Background The role of community health workers (CHWs) has expanded from outreach and education to working within a clinical team in a primary care setting. Aim To improve self-management among patients with type 2 diabetes incorporating CHWs as members of a clinical team. Methods A cohort of 114 patients with type 2 diabetes enrolled in 2007 participated in a teambased self-management intervention with followup in 2008. The study assessed whether significant changes occurred in clinical, patient satisfaction and activation measures after the intervention compared with baseline. The programme was located at St Luke’s Health Care Center in San Francisco, California, in an ethnically diverse neighbourhood serving predominantly low-income Latino patients. Clinical outcomes measured included glycosylated haemoglobin (HbA1c), low-density lipoprotein (LDL), blood pressure and total cholesterol. A Patient Activation Measure (PAM) assessed selfmanagement. Both provider and patient experiences with the programme were also assessed using a patient telephone satisfaction survey and provider focus group. ResultsThe majority of patients were Latino Spanish speaking women on public insurance.Thirty-one patients participated in a telephone satisfaction survey. Six providers participated in a focus group to assess satisfaction with care. HealthFirst had a positive impact, improving HbA1c among high-risk patients with type 2 diabetes (HbA1c_9.0) and maintaining glycaemic control among patients with controlled glycaemic level at baseline (HbA1c7.0). In addition, LDL, total cholesterol and self-management outcomes significantly improved. Ninety-sven percent of patients were satisfied with the CHWs’ support. Overall, providers’ comfort level in referring patients to CHWs was very high. ConclusionsPhysician–CHW partnership had a positive impact on patients’ self-management skills and clinical outcomes. Patients and physicians also had higher satisfaction with overall care. With appropriate training, CHWs can collaborate as team members with primary care providers and with non-medical providers to improve the quality of care.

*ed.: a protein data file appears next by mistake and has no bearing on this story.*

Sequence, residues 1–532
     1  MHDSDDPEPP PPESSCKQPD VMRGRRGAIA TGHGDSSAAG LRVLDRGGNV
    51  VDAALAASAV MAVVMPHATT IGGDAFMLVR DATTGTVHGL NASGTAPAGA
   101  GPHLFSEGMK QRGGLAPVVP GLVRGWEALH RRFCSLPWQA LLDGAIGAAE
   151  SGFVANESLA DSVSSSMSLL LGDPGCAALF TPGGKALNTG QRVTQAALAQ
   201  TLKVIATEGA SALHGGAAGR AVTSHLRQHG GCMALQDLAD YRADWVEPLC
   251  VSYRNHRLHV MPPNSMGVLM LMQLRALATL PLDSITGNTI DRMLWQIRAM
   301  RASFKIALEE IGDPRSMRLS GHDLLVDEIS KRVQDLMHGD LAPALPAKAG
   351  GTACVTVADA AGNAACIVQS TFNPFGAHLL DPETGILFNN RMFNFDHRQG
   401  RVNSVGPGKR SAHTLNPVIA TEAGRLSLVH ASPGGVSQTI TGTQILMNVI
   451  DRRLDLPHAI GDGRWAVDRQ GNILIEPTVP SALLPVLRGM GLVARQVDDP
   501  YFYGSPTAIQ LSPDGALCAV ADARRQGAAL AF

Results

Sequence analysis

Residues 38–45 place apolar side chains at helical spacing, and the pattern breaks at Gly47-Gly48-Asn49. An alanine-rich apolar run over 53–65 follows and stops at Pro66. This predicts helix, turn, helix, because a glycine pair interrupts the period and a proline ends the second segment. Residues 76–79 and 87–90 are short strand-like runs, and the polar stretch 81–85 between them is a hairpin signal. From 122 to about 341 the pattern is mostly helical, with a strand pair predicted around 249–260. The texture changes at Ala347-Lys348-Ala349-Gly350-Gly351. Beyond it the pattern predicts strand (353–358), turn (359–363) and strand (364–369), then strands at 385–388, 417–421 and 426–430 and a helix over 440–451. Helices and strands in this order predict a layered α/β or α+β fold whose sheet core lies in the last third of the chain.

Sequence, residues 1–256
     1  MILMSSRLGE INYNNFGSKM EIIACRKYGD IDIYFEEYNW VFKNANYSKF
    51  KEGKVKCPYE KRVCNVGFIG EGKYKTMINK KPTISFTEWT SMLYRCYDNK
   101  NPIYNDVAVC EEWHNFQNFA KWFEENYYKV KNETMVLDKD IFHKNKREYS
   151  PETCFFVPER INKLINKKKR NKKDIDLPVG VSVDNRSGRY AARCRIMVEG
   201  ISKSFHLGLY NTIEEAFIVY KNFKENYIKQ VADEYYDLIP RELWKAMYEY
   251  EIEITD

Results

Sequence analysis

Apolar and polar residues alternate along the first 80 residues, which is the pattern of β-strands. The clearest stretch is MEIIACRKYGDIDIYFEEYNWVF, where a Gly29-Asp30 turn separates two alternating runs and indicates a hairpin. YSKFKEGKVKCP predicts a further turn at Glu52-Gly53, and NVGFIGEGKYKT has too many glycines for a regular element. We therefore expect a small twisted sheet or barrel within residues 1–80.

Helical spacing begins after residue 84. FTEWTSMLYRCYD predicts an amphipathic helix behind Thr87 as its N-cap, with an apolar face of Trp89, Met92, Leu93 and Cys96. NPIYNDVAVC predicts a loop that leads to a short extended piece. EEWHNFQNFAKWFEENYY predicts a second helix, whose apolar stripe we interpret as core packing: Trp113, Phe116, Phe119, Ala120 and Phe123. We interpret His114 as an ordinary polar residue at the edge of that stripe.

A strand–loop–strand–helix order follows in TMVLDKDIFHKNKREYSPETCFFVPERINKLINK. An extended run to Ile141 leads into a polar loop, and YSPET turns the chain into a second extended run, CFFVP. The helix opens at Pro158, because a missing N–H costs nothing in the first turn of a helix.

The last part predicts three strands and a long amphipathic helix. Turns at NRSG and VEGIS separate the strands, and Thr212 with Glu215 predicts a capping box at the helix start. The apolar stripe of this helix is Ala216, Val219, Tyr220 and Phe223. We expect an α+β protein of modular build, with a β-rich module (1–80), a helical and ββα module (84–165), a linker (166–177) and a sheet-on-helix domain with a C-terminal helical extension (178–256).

Regina Otero-Sabogal, Desiree Arretz, Sarah Siebold, Elissa Hallen, Russell Lee, Alana Ketchel, Judy Li, Jeffrey Newman
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